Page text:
- SELF STUDY MODULES
- 1. Intro to TBI
- 2. Communication
- 3. Skills for independence
- 4. Cognitive changes
- 5. Behaviour changes
- 6. Sexuality
- 7. Case management (BIR)
- 8. No longer available
- 9. Mobility & motor control
- 10. Mental health & TBI:
- 11. Mental health problems
and TBI: diagnosis
- 12. Working with Families
after Traumatic Injury:
- 13. Goal setting
1.6 Define stages of rehabilitation
- i) The essence of
- ii) What is
- iii) Stages
- iv) Pathways
- v) Pathways
i) The essence of rehabilitation
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ii) What is rehabilitation
Rehabilitation does not cause recovery, but helps the person make the most of recovery that occurs spontaneously. Most rehabilitation is an active learning process.
Rehabilitation enables a person to become as independent as they possibly can. The goal is for the person to return to their previous abilities, activities and way of life as much as they possibly can. It means enabling the person to live with their remaining abilities and develop strategies to enable them to compensate and overcome new difficulties.
The process of rehabilitation experienced by each person is unique. Just as a brain injury is unique, the type of rehabilitation program the person is engaged in is uniquely tailored to target individual needs. Rehabilitation addresses specific areas of physical difficulty, thinking or cognitive processing, perception, social skills and relationships. It also addresses broader areas of returning to work, getting about in the community, and adjusting to changes a person may experience following a brain injury.
Rehabilitation goals can build on each other, for example managing transport before getting a job.
Rehabilitation is ongoing.
It may also be episodic - as new situations and opportunities arise.
Rehabilitation is not something that is done to the person, rather with the person.
Rehabilitation is based on working with the person to achieve things that matter to them. Therefore, for it to be successful, the individual needs to participate actively in the rehabilitation process. The type of rehabilitation offered needs to be meaningful and relevant to the person. This means the person, their culture, pre-injury lifestyle, family and environment are critical to ensuring the success of rehabilitation.
The person's abilities will determine how the person is able to participate in the rehabilitation process.
Where recovery to the person's pre-injury life pathway is not possible rehabilitation involves choosing another meaningful but different pathway to a life worth living.
(c) Copyright - See: Toolkit B. Working Together Promoting Independence - www.TBIStaffTraining.info
iii) Stages of rehabilitation
Stage 1: Acute rehabilitation
This acute stage involves initial management to ensure the person is medically stable in the Intensive Care Unit and high dependency wards. Acute rehabilitation normally occurs within hospital with a strong focus on physical recovery and regaining independent living skills.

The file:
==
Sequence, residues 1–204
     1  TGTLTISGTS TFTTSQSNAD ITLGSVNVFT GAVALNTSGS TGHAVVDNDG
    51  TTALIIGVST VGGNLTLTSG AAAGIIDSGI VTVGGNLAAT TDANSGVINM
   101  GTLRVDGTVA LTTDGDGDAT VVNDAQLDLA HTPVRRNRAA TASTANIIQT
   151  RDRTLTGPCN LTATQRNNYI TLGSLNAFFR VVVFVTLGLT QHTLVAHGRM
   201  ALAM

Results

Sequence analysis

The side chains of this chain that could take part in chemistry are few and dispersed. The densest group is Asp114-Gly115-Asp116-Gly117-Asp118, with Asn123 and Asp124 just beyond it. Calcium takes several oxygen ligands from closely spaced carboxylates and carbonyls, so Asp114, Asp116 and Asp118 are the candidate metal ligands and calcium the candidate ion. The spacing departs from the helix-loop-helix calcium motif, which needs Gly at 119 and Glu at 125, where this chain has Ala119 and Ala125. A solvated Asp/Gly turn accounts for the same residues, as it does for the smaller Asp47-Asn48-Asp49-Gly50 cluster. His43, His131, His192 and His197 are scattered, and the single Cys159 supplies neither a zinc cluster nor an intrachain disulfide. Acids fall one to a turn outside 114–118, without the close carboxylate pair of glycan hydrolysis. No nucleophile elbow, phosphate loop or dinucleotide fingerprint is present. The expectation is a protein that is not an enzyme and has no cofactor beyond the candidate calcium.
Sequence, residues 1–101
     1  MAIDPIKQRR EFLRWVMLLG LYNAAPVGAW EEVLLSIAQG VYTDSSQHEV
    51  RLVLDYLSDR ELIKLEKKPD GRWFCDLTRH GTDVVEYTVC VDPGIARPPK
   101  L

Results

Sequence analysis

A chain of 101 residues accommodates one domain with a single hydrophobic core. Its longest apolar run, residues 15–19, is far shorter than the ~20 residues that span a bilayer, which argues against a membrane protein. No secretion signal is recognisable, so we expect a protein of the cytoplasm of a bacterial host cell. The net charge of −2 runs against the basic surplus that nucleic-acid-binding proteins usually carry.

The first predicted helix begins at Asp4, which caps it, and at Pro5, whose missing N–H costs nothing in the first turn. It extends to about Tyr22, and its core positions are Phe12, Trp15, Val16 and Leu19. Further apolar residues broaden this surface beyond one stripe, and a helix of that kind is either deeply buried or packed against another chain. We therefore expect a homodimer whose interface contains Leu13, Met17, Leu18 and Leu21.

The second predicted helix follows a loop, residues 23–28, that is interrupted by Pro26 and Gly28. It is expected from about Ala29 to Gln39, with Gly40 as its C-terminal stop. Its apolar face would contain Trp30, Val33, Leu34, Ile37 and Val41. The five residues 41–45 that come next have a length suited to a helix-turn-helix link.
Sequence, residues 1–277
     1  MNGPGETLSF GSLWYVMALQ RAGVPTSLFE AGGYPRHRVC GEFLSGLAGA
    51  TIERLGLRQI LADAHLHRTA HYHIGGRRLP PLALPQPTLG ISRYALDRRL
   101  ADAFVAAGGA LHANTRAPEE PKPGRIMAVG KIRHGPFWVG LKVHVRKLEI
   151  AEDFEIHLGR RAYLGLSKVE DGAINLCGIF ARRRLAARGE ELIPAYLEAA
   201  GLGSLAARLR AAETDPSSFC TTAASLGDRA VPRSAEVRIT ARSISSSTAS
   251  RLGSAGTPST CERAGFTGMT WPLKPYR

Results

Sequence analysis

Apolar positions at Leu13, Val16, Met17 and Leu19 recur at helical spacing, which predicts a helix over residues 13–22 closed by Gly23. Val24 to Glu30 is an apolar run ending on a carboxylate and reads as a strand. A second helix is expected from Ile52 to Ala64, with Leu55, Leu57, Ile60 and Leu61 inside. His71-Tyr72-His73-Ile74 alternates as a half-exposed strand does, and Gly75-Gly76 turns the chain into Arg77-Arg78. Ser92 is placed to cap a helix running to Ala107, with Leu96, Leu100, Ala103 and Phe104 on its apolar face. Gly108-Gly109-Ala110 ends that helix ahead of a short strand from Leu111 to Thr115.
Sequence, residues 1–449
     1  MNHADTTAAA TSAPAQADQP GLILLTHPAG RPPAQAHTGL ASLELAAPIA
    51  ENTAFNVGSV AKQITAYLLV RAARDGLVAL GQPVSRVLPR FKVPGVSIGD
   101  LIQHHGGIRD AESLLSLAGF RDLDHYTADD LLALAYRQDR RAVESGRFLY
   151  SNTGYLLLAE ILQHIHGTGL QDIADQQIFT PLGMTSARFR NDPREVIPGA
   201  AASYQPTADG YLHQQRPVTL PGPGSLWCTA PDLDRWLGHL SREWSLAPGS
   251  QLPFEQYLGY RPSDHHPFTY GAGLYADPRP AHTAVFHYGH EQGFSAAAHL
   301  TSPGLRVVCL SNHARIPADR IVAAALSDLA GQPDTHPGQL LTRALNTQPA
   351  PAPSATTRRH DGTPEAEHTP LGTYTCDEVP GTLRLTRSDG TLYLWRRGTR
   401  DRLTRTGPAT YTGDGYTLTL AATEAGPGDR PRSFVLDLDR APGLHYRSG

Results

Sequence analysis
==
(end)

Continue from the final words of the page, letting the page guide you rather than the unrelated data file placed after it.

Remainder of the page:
Stage 2: Post-acute rehabilitation/community re-settlement
This stage involves managing the transition from hospital back home, and the ongoing process of rehabilitation that occurs after discharge. The focus of rehabilitation at this stage may include return to work or study, finding alternatives where this is not possible and relearning skills for community living.
Stage 3: Social rehabilitation
This is the long-term rehabilitation aimed at maintaining and enhancing the level of participation in community life that people with TBI can achieve over their life span (community integration).
Some of the pathways through rehabilitation are:
At the same time staff need to be aware of:
- typical service pathways
- local barriers to pathways
- strategies for dealing with pathway barriers.
In 2008, an Interagency Agreement was signed between Ageing, Disability and Home Care (ADHC), NSW Health, Housing NSW and the Lifetime Care and Support Authority (LTCS). The purpose of the Interagency Agreement was to improve equity of access in the interface between health, housing and support services to meet the needs of people with ABI in the community.
A Pathways and Protocols Working Group comprising members from each of the inter-agency partners was convened to identify appropriate referral pathways and related issues for an adult with an ABI moving through health, disability and community services. This work has produced: "Care and Support Pathways for People with an Acquired Brain Injury, Referral and Service Options in NSW". May 2011 (3.1 Meg)
This document includes 7 Example pathways and detailed information about all of the services mentioned in the example flow charts.
The seven pathway examples are:
1: Person with a recent ABI requiring housing and support
2: Person with a recent TBI requiring support up to 35 hours/week
3: Person with a previous TBI/ABI with drug/alcohol or mental health issues
4: Person with TBI/ABI with challenging behaviours
5: Person with previous TBI/ABI exiting prison system
6: Applicant or existing tenant of Housing NSW with a diagnosed or undiagnosed ABI/TBI
7: Person with TBI/ABI requiring formal support for more than 35 hours per week
People who sustain injuries in motor vehicle accidents (MVA) may have access to compensation (Workcover, LTSCA). This can increase service options and needs to be considered when planning service support.
Example 1: Person with a recent ABI requiring housing and support